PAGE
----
What better way to spend a slow Friday afternoon than with some uninformed 2016 navel-gazing?
To answer the question: No, she’s not too old. But that’s not the relevant question.
Is Hillary Clinton really a 100 percent lock to run? I think it is a pretty good bet, maybe 70 percent chance or so; but that also means there is an approximately 30 percent chance that she doesn’t throw her hat in the ring. The current political environment certainly argues on behalf of a Clinton run, and it would be very difficult—but not impossible—for anyone to beat her for the nomination. However, these choices can never be considered 100 percent political decisions. Clinton turns 67 this October. At that age, she will likely be making her candidacy decision, and if nominated Clinton would turn 69 two weeks before the 2016 general election, notably the same age Ronald Reagan was when he was first elected in 1980. The choice to run for president is effectively a nine-year commitment: one year to run, another four years if she wins a first term—finishing up that term at age 73—and then, assuming she runs for reelection and wins, serving four more years to end a second term at 77 years of age. None of this is to say that the age issue could successfully be used against her. After all, Reagan won the presidency at the same age. But how many 67-year-olds make nine-year commitments, and what concerns have to be addressed if they do?…
A law school friend of the Clintons’ put it to me this way to me last year: “If Bill and Hillary are healthy, she will run,” a subtle reminder to me that her husband will be 70 by Election Day 2016, having already gone through quadruple cardiac bypass surgery and two heart stents. He looks healthy, as she now does, but it does remind us that these are team efforts, and how they both are doing is relevant to the equation. When the 30 percent guestimate of her chance of passing up a race was run by a former senior Clinton staffer, the response was something to the effect of, “That sounds about right.”
Age won’t hurt her. If anything, it buoys up her core campaign pitch: She’s been around Washington for 25 years, she knows where the bodies are buried, and she’ll advance her agenda more effectively than the political parvenu who beat her in 2008 ever did. Are you an independent who mostly agrees with Democrats but got tired of Obama leading his initiatives into oblivion? Then the Clintons have just the candidate for you. If she can do another two years on the famously grueling presidential campaign trail, she’ll defeat all doubt that she’s physically up to the job.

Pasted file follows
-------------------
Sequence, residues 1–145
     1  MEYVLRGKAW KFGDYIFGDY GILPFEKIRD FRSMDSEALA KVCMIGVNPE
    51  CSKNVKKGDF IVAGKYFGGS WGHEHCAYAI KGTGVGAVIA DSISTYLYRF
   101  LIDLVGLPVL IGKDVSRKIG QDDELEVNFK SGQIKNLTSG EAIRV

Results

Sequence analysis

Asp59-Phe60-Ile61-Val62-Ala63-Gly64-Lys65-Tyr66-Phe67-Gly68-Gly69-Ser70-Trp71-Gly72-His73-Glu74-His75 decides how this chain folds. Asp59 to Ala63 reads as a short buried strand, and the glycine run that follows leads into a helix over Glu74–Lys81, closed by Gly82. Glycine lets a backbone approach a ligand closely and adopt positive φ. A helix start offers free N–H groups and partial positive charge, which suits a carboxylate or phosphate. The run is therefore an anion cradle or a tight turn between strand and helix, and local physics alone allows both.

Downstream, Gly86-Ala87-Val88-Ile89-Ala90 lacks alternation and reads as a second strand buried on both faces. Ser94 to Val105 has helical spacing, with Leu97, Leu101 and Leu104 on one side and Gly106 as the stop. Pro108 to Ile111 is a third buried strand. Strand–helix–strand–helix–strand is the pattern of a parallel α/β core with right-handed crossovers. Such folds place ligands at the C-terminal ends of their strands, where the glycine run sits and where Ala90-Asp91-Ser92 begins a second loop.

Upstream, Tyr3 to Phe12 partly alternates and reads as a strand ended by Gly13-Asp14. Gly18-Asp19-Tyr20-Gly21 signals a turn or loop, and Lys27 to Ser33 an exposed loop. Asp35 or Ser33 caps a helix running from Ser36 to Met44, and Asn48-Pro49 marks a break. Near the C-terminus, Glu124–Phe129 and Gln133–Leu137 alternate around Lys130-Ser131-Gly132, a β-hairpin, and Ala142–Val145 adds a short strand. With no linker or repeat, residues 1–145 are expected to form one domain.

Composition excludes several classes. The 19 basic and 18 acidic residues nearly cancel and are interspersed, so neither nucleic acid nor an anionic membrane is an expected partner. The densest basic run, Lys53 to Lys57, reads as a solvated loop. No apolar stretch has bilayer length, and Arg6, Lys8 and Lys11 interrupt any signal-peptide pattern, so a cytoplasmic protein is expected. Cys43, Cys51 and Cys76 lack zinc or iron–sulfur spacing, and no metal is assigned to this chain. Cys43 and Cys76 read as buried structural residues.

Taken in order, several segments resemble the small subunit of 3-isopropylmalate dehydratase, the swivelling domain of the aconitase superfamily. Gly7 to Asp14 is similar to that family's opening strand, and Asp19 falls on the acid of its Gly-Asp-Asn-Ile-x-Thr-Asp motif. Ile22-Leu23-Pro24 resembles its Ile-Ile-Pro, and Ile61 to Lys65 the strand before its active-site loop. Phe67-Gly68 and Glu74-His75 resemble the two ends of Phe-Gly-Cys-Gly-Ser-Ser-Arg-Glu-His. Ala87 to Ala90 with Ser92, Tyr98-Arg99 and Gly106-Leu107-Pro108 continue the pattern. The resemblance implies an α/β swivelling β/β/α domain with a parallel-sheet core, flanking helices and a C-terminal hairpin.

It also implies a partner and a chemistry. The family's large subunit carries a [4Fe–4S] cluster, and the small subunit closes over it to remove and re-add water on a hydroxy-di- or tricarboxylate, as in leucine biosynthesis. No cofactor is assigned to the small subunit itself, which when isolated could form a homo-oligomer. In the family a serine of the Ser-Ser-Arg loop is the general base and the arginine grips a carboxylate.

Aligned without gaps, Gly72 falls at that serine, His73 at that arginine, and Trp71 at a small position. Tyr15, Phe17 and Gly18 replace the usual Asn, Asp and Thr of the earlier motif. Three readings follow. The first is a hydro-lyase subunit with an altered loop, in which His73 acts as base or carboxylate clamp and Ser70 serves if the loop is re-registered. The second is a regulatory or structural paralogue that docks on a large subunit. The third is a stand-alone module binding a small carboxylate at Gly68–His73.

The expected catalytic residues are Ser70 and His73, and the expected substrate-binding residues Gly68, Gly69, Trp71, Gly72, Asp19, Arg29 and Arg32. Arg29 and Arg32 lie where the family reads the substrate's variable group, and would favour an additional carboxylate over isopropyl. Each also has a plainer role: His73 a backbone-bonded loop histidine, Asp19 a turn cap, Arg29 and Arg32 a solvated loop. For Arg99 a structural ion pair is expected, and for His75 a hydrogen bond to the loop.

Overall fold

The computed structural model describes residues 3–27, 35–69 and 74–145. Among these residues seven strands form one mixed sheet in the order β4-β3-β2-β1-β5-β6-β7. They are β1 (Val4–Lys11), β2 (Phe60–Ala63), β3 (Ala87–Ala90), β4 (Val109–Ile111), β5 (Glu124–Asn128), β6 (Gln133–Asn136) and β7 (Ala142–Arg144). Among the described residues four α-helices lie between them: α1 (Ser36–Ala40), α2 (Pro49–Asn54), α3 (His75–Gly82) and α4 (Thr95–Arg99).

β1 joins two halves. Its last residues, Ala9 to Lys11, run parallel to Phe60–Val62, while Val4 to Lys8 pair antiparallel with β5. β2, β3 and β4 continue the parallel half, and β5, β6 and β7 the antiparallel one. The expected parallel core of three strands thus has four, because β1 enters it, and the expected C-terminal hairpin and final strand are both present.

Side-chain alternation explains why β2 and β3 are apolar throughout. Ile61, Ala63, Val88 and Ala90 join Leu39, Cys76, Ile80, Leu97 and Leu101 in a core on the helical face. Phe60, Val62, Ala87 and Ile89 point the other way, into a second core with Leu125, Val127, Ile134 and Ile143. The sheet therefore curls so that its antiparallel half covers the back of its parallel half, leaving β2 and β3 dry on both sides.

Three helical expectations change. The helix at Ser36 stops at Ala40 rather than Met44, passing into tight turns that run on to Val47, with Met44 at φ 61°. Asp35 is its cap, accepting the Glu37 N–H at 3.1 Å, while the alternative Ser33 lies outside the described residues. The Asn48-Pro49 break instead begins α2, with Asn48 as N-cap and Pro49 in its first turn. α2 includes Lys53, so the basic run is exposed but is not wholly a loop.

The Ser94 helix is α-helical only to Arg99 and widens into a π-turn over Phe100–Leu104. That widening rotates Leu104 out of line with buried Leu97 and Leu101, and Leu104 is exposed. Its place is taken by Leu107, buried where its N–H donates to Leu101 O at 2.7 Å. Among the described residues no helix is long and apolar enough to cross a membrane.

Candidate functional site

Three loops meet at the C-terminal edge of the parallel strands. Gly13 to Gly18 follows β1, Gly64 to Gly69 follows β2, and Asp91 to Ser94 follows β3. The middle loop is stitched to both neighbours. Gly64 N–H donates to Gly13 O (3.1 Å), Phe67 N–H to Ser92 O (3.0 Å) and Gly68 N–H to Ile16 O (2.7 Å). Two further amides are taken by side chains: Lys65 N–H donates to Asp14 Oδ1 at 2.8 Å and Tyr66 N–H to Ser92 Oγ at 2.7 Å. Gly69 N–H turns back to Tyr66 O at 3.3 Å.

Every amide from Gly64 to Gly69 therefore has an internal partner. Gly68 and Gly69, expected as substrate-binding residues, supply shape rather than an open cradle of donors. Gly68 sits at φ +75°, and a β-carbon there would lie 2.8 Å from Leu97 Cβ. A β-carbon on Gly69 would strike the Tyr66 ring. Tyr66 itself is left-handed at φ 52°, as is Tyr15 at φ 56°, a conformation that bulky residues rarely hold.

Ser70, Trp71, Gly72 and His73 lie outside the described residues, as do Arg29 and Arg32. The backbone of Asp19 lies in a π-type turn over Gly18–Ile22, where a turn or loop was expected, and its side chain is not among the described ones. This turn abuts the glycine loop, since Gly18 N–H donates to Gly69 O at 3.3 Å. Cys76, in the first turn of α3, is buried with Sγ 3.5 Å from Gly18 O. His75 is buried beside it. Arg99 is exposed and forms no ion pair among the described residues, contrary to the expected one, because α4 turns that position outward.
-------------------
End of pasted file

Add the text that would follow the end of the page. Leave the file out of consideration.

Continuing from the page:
And even if her health is poorer than we know, she might go for it anyway. A possibility that no one’s considering, including Charlie Cook in the excerpt above: What if she runs resolved (privately, not publicly) to serve only one term? Hillary doesn’t have some long policy wishlist that she’s burning to enact; even now, more than 20 years after the fact and despite her constant presence in the upper tiers of government, the only policy she’s closely associated with is the HillaryCare failure in Bill’s first term. She’s an icon not because of her ideas but because her public life is a sort of album of post-war feminist advances — accomplished lawyer stifled by the traditional trophy-ish role of First Lady runs for office and proves herself the equal of America’s most powerful legislators and diplomats. She won’t be running to kickstart some sort of new liberal revolution, nor do Democrats necessarily want her to. She’ll be running to become the first woman president and Democrats will back her because she’s their best chance to extend the party’s grip on the presidency for four more years, a would-be Bush 41 to Obama’s Reagan. Bill ended George H.W. Bush’s dream of four consecutive presidential terms for Republicans; if Hillary wins in 2016, she may see a lesson in that and decide not to press her luck by trying again in 2020. She wants to be a historical figure and she’s well positioned to do it. Why not do it then quit while you’re on top? Mission accomplished.